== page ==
Across the landing is the Crown Post room, which again, has a distinctly Russian feel. The walls are painted a kind of Baltic blue, which like a northern sea seems to subtly change from grey to green and then blue according to where the light falls. A circular mahogany table and balloon back chairs stand just off-centre on simple scrubbed floorboards. There is a woodburning stove in the handsome white marble fireplace. In the ceiling the original beams and timbers have been left unvarnished and their geometry is decoration enough. The room beyond is the bedroom where the warm, honey coloured timbers are offset by fresh blue and white linens on the bed and armchair. The adjoining bathroom has 18th century bolection moulding painted in a strong shade of terracotta. "This is another of Ptolemy's colours. He's given me a lot of advice on the appropriate historical shades to use throughout the house because he has such a superb knowledge of each period," adds Olga. "Architect Malcolm Simmonds produced a wonderful diagram of the whole house that is colour coded according to the period of each wing or room, so that I can tell you exactly which parts are 13th or 18th century."

Back downstairs we pause in the entrance hall where Olga tells me that the magnificent carved fireplace that is now painted in white and gold was once simply oak. "My father and I came back from Scotland to find that my mother had had this painted. It was her Swedish and Finnish ancestry I suppose, she just couldn't help wanting things to be white and gold. She had the long dining table in the Oak Room painted too and then the table top was covered with mirrored panels. It produces a wonderful effect when the candelabra are lit and the epergne filled with flowers, but it's rather offputting if you lean over the table and look down because you can see straight up your own nose!"

The Oak Room is probably the grandest in the house and the enormous dining table and painted chairs with their yellow silk seats take centre stage but they are closely rivalled by coral silk covered Gustavian style sofas, stools, a conversation seat and chaise longue. The form of the classically Scandinavian furniture may be simple and restrained, but the quality of the fabrics used and its scale give it an unmistakable grandeur. The red carpet and the coral silk curtains that are swagged and trimmed with gold fringing add to the sense of formality along with the full-length portraits of Olga's parents that are edged with blue velvet and gilt-framed. This is the room that Olga proposes to use for the special occasion dinners and with its dark panelled walls and mirrored table it must be quite magical by candlelight. By the huge Tudor fireplace stands a marble-topped table that has several old photographs displayed on it. One features an informal shot of Tsar Alexander III and Marie Feodorovna (Dagmar) with their adult children on the steps of Livadia. It is interesting to note that all the men in the photograph look relaxed and confident except one - their son Nicholas who would later become Tsar.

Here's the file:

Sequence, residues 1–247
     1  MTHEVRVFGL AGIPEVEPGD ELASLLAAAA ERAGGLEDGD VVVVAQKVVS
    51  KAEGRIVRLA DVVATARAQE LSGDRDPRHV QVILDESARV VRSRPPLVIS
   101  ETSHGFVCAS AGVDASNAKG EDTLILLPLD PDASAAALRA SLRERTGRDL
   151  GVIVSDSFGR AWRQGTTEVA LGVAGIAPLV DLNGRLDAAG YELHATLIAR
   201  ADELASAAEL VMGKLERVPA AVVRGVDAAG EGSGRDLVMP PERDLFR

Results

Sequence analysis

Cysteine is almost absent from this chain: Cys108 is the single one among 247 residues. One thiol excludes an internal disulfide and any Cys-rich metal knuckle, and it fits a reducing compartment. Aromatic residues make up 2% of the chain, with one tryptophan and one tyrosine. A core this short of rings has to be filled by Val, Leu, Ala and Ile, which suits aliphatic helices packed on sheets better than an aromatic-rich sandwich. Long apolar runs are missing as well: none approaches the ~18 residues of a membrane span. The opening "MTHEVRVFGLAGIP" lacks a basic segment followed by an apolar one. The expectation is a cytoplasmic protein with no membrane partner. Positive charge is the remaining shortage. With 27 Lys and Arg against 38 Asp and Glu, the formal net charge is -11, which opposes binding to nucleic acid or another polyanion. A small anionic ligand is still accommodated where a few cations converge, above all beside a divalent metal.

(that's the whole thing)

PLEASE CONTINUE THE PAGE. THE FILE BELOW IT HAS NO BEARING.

Just outside the room is a portrait of Olga's grandfather from her mother's side of the family. Herbert McDougall is pictured in his Hussar's uniform standing in front of his horse. He has a surprisingly slender frame, but the uniform was not just for show, as he distinguished himself during three conflicts including the First and Second World Wars. Moving on from the 14th century hall to the 18th century wing of the house we enter the drawing room. Here, the blond pine floorboards set a warm tone and a pair of white linen sofas stand in front of a huge, recently restored stone fireplace. The panelled walls have been painted ballroom blue which perfectly offsets the gilt framed portraits around the room. There is a large painting of Olga's grandmother, Sylvia, in a gown and one of Olga as a young girl in a white tulle dress with a Finnish blue sash. "I wouldn't get off my horse for my portrait to be painted," recalls Olga. "So the artist got his revenge by painting me in that dress - that he completely made up - that I absolutely hated and still do." Olga sits for a moment on one of the satin covered gilt ballroom chairs and Jak, the Jack Russell swiftly jumps up to join her. She is seated opposite a head and shoulders portrait of Alexei, the last Tsarevich, the boy who didn't live to see his 14th birthday, and it is striking that despite the best efforts of those who murdered her great uncle and aunt and all their children, Olga Romanoff doesn't dwell on their tragedy and with her brisk, no-nonsense manner is wonderfully, defiantly, triumphantly alive.

Address Book:

  • words Claire Tennant-Scull
  • pictures David Merewether
  • styling Lucy Fleming